While most major shipping companies carry anti-piracy insurance riders that require a third party to pay off pirates who board ships and hold crew and cargo hostage, some smaller, independent ships don't have that backup plan, Voice of America reported Tuesday.
Among those being held are members of the privately owned Malaysian flagged MV Albedo. The ship's Iranian owner has disappeared, leaving no one to foot the bill for a ransom payment and negotiations have come to a standstill two years and nine months after the ship was commandeered. A Pakistani businessman raised $1.2 million to pay for the release of seven Pakistani crew members but 11 others from Sri Lanka, Iran, India and Bangladesh have no such benefactor and remain held by the pirates, said John Steed, a counter piracy expert who's been in contact with those holding the men.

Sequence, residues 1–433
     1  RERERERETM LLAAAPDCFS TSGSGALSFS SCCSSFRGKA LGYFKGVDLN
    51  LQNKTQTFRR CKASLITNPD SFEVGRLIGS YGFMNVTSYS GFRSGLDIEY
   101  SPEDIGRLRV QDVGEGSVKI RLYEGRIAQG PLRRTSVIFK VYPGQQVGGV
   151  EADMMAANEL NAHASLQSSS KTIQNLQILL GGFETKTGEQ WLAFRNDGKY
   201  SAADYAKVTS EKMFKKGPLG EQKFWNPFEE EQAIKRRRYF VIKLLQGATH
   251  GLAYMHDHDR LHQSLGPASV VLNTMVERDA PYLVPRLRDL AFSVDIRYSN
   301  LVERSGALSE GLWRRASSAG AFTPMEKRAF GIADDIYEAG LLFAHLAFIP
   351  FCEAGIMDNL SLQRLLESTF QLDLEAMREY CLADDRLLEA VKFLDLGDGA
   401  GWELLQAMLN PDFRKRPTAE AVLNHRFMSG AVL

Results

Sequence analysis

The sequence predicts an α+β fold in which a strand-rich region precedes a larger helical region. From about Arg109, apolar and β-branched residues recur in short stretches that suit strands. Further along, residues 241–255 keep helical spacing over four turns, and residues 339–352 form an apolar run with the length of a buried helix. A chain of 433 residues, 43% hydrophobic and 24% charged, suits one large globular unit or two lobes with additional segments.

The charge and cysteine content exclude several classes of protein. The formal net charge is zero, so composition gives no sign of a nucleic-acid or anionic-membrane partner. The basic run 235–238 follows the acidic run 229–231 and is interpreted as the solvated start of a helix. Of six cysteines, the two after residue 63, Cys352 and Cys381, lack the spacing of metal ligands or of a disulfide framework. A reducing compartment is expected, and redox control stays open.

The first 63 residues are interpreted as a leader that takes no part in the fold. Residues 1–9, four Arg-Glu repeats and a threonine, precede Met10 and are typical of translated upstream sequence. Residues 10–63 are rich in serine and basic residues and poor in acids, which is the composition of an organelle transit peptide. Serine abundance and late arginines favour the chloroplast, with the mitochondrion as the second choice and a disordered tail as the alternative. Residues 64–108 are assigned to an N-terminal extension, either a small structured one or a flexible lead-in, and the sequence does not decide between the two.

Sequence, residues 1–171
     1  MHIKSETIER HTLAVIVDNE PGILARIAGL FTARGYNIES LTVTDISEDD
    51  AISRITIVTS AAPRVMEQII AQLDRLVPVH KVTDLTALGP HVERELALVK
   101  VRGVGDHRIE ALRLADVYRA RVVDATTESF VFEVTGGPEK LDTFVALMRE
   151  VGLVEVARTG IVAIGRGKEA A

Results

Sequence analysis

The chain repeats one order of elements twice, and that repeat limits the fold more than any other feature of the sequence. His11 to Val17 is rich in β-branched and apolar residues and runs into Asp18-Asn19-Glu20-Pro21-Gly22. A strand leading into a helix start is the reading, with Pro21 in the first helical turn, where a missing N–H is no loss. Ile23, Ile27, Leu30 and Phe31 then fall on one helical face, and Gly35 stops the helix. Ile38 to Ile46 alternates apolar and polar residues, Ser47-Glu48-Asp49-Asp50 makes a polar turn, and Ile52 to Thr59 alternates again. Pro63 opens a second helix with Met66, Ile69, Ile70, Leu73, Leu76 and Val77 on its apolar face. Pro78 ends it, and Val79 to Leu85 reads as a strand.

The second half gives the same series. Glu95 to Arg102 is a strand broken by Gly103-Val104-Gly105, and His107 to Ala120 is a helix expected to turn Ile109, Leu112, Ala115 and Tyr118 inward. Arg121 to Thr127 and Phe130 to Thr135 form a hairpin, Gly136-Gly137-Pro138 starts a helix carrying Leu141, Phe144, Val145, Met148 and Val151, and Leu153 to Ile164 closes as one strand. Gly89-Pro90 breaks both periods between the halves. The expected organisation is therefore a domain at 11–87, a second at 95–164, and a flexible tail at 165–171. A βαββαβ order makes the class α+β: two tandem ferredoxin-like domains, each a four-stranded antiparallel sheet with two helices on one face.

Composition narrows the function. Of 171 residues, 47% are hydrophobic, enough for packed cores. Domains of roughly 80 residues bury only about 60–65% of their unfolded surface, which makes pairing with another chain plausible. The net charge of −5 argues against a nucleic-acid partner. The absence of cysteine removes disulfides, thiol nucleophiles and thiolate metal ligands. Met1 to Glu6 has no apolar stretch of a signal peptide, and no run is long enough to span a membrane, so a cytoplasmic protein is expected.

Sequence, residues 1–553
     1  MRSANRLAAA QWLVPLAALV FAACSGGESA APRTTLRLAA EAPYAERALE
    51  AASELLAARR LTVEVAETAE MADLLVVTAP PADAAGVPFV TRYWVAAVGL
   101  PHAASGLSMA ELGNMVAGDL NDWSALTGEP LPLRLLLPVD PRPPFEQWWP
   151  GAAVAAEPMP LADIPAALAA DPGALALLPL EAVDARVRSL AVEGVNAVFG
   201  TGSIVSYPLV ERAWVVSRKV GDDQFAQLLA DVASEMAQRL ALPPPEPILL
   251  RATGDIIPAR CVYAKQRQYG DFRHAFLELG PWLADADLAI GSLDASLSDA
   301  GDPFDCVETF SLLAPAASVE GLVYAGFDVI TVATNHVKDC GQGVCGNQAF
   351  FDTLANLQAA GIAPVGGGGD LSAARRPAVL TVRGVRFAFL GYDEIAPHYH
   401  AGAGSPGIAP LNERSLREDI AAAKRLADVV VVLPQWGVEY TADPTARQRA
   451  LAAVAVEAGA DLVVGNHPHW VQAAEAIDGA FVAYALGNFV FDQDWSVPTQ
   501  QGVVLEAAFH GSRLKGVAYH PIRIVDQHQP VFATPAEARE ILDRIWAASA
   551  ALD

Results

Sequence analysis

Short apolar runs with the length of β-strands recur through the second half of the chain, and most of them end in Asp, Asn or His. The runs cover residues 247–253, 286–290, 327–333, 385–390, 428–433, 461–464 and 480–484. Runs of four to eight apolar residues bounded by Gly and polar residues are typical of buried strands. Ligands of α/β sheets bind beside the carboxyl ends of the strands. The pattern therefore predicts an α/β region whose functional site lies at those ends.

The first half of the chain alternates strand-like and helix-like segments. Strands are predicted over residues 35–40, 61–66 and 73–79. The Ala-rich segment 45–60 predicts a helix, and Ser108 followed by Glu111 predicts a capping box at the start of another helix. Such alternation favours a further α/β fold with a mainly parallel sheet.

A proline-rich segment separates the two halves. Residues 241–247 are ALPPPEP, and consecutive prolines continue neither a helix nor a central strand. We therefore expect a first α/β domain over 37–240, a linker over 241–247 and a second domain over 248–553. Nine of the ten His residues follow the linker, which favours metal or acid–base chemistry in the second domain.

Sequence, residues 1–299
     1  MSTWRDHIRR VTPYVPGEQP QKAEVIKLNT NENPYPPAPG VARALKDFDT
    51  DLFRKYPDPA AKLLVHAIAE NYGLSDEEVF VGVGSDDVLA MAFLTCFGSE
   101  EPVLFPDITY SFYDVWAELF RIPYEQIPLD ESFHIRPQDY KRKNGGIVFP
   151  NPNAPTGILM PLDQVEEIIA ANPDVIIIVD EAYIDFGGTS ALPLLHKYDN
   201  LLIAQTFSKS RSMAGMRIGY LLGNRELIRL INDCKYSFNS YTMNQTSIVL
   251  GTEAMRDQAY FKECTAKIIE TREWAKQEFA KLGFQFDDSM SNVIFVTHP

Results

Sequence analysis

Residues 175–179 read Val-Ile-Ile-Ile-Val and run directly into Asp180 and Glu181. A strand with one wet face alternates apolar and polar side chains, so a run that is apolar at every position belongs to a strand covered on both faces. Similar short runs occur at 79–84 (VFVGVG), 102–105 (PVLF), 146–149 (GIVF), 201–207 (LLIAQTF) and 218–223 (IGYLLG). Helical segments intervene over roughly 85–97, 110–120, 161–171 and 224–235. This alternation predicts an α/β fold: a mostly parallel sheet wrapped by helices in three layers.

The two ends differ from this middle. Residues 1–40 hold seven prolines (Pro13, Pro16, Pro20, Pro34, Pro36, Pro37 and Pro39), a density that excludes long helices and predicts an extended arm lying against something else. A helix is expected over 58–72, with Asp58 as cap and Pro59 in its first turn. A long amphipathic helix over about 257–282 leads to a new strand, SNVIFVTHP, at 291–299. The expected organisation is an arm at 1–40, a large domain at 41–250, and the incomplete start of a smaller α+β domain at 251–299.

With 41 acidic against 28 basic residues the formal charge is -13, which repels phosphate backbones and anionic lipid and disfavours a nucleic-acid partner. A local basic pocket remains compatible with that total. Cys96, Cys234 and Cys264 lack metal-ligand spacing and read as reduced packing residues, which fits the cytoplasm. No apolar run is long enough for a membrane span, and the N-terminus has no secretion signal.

Steed said negotiations have stalled because there's no revenue source. That means it's his job to talk the pirates into giving up the men and moving on -- no easy task.
Jay Bahadur, author of the book "Pirates of Somalia," said it can be difficult to convince pirates they have nothing to gain in some situations because in so many cases companies pony up the money to pay them off.
"It's very hard to convince pirates that you're the one company, the one organization that doesn't have money to pay them," Bahadur said. "And more to the point, pirate gangs often finance their operations on credit. If you've put out over the course of three years hundreds of thousands of dollars to buy food, to pay your men, to buy them khat [a plant chewed for euphoria-inducing properties], you're going to owe people on land."
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